The phrase “deadbeat dad” has been thrown around for years and seen by many as a good way of describing those parents who fail to pay child support. The problem with the term is that it gives the distinct impression that the only people who fall behind on child support payments are fathers. In turn, that can lead to misguided ideas of fathers and allow some women to skate by without the same disapproval that is directed at men.
According to data gathered by the U.S. Census Bureau, “deadbeat mom” might actually be a more fitting term than deadbeat dad. While there are definitely more custodial mothers than custodial fathers overall, the data shows that women are more likely to fail to make child support payments than men, leaving the fathers stuck paying all the bills when it comes to the children.
The numbers show that in 2011 (the most recent year that figures were collected), there were more than 2.6 million custodial fathers in the United States. Of this total, a little over 750,000 had been awarded child support from the non-custodial mother. Of this group, 68 percent reported receiving some or all of the child support they were owed. Not too bad, but when you look at the numbers more closely you see that only 41 percent reported receiving the full child support payment, leaving nearly 32 percent of fathers who did not receive any child support money at all.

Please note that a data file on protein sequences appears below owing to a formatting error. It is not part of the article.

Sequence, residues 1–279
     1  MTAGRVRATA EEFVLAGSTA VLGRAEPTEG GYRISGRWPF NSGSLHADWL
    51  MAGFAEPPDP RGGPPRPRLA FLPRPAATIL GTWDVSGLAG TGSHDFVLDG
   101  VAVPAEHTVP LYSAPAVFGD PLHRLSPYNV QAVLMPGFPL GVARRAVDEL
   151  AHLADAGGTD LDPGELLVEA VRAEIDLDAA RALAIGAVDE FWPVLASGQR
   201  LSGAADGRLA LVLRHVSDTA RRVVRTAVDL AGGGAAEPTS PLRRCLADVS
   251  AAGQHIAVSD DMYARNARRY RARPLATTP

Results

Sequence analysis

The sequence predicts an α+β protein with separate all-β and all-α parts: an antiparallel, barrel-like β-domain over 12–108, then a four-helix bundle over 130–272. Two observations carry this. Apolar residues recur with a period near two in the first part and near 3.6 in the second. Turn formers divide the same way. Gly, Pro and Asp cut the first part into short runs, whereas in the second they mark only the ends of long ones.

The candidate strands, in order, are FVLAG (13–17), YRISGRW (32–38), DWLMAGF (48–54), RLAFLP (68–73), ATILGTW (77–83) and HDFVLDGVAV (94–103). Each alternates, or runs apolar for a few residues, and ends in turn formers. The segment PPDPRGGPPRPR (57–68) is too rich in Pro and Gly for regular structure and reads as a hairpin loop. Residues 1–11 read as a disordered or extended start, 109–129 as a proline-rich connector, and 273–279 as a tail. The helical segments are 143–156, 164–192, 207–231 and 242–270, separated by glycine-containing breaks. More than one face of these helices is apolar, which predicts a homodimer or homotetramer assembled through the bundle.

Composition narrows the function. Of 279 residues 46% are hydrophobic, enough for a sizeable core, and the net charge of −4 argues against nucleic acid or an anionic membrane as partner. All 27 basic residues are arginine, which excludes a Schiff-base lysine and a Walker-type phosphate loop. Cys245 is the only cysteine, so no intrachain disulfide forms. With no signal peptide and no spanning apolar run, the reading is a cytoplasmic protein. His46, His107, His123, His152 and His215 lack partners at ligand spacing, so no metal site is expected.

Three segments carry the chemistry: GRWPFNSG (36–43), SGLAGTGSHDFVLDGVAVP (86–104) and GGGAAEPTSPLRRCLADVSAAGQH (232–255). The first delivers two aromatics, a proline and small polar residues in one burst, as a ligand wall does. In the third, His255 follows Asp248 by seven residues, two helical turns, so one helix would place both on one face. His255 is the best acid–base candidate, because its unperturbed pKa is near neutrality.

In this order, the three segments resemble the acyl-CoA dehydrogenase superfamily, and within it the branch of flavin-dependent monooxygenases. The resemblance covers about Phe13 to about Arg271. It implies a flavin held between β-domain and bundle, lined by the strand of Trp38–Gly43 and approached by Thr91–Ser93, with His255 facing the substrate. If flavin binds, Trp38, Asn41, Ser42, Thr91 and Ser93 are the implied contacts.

When it comes to women, the numbers aren't great, but are somewhat better. Out of 6.3 million custodial mothers, 4.2 million received child support. Nearly 44 percent receive full child support payments from the father (versus 41 percent for men) and only 26 percent (as opposed to 32 percent) received no money at all. Though the numbers for both genders could stand to improve substantially, it's clear that the problem of underpayment of child support affects both mothers and fathers. Referring to those people who fall behind on such payments as “deadbeat dads” fails to reflect the reality that both men and women are to blame.
Source: “Custodial Mothers and Fathers and Their Child Support,” by Timothy Grall, published atCensus.gov.